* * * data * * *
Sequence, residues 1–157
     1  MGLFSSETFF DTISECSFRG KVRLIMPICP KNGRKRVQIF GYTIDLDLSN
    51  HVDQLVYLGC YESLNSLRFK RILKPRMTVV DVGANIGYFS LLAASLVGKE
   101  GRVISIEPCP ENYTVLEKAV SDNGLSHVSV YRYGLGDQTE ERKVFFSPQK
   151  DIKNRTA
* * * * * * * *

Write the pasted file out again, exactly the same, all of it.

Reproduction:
Sequence, residues 1–157
     1  MGLFSSETFF DTISECSFRG KVRLIMPICP KNGRKRVQIF GYTIDLDLSN
    51  HVDQLVYLGC YESLNSLRFK RILKPRMTVV DVGANIGYFS LLAASLVGKE
   101  GRVISIEPCP ENYTVLEKAV SDNGLSHVSV YRYGLGDQTE ERKVFFSPQK
   151  DIKNRTA